What I Read in May 2015: Young Adult Books

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Last year, I have to split my Booking It posts into Young Adult and Adult books for May. Apparently, May is the month I read the most. Maybe it’s graduation in the air that makes me want to devour young-adult books. Maybe it’s the release of Modern Mrs. Darcy’s Summer Reading Guide. Or maybe it’s the fact that Mr. V and I go to the school library and check out a giant stack of books, since they’re closed for the summer and let us.

So since I read 11 books this May, I decided to split the list again. Here are the books I read from the YA section.

geographyofyouandmeThe Geography of You and Me by Jennifer E. Smith was the first book that jumped out to me off the MMD Summer Reading Guide. My library had it available on Overdrive, so I read it right away.

Now don’t get me wrong – I read the whole thing in two sittings, I think. It is a quick and sweet read about two teens who meet by chance during the NYC blackout, then both move away. And while they find other relationships, they keep feeling drawn back together.

But I was expecting to get more travel vibe from it, and the story just hasn’t stuck with me. Not as good as I was hoping. (For $2.99 on Kindle, though, it’s a fun read for a rainy day.)

amyandroger

Which brings me to Amy and Roger’s Epic Detour by Morgan Matson. Want to fill some wanderlust longings, teen nostalgia, and read a great tale? This one will do it. After Amy’s father dies, her mother moves to Connecticut from California, leaving Amy behind to finish her school year. But Amy needs to get her mom’s car – and herself – to the East Coast. Enter Roger, an old and forgotten family friend, who also needs to trek there. Good-girl, grief-stricken Amy faces herself, her past, and her future as they traverse the country.

I just loved the energy behind the writing and the story, and when I closed the book, I wanted to cry. So I deem it a 5-star read. (Another Modern Mrs. Darcy pick!)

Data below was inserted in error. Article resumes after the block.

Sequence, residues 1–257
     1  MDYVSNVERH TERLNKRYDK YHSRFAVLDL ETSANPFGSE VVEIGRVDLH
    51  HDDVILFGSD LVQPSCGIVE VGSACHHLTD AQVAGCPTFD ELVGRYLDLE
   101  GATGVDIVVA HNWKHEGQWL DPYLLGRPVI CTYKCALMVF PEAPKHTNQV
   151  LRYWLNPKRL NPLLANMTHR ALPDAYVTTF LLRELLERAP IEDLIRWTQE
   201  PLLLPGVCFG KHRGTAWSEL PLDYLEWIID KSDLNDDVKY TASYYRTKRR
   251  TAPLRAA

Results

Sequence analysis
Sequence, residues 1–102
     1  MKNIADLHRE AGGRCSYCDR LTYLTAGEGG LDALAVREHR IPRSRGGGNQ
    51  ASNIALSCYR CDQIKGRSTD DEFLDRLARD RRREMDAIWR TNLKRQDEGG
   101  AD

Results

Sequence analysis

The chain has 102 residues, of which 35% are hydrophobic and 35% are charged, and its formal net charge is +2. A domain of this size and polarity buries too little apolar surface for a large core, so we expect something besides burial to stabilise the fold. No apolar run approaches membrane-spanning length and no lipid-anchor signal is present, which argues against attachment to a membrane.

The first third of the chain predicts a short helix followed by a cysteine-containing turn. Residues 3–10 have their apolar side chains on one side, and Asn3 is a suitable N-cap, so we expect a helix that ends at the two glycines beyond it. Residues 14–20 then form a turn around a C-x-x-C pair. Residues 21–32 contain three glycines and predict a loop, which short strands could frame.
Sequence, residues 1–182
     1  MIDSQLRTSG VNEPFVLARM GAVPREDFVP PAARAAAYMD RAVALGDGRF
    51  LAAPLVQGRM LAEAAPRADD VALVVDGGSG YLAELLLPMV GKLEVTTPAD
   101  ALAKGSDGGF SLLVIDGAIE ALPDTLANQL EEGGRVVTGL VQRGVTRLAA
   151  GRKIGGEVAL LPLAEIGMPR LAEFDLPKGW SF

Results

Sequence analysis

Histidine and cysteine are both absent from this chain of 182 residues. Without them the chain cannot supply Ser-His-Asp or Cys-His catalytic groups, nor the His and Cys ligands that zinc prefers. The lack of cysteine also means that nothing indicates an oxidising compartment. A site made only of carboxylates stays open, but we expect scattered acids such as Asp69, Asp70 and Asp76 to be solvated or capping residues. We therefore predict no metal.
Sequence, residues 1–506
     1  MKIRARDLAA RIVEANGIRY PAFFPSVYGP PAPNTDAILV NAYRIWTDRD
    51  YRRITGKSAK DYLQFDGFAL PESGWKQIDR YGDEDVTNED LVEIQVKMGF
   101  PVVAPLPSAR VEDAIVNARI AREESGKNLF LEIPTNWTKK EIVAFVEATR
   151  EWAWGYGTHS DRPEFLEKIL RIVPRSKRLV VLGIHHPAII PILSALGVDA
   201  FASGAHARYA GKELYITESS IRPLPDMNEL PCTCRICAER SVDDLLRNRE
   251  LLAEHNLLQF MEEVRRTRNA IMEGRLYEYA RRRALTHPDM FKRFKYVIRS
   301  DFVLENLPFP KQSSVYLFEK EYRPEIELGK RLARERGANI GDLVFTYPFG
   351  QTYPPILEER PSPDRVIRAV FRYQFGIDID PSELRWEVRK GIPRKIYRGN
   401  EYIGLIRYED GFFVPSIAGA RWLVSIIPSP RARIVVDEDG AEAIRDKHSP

ravenboysThe pink-haired librarian at our public library and I often talk YA books, and she suggested The Raven Boys by Maggie Stiefvater a while back. I was kind of turned off by the title and weird cover, but she totally wins. This is the first of a quartet of books, three of which are released. Blue is the daughter, niece, ancestor, etc, of psychic women. After an encounter with an apparition on St. Mark’s Eve, Blue becomes entangled in the prep-school world of Gansey and his friends Adam, Ronan, and Noah.

The group is dealing with an other-worldly adventure, a quest, and the book moves so fast you’ll have to reread to catch it all. I LOVED it, and here’s my dilemma: do I read the other two published books now and then wait impatiently until February 2016, when The Raven King is released; or do I wait and read the other two right before the fourth one comes out? I CAN’T DECIDE!!

beforeifallI know I’ve heard of Before I Fall by Lauren Oliver from many others, but I couldn’t tell you who.

Samantha is a teenaged popular party girl. (Honestly, I wasn’t sure I even wanted to read this book after the first two chapters. There is a lot of cursing, drinking, stupid teenage stuff – all the stuff that made me feel very “other” in high school.) But one icy night after a party, Samantha dies in a car crash. And that’s just the first chapter.

As a gift … or a curse … Samantha then relives the last day of her life seven times. We don’t know why or how, but as Sam lives out different possibilities, she finds a better version of herself.

Like I said, I wasn’t even sure I would finish this book, but once I got into it I stayed up way too late reading and had to make myself sleep. Something about it is very riveting and pageturning.

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Stay tuned for the other seven books I read in May: Christian fiction, an old book written in Yiddish, a so-so audiobook, three memoirs, and another great Liane Moriarty tome.

Have you read any good YA books lately?

 

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2 thoughts on “What I Read in May 2015: Young Adult Books

    • Fairest is just OK in my opinion, but it is nice to fill in the story a little. I read a blog post from Marissa Meyer about how some people don’t even want to read Fairest because they don’t want to have sympathy for Levana. I find that really bizarre!

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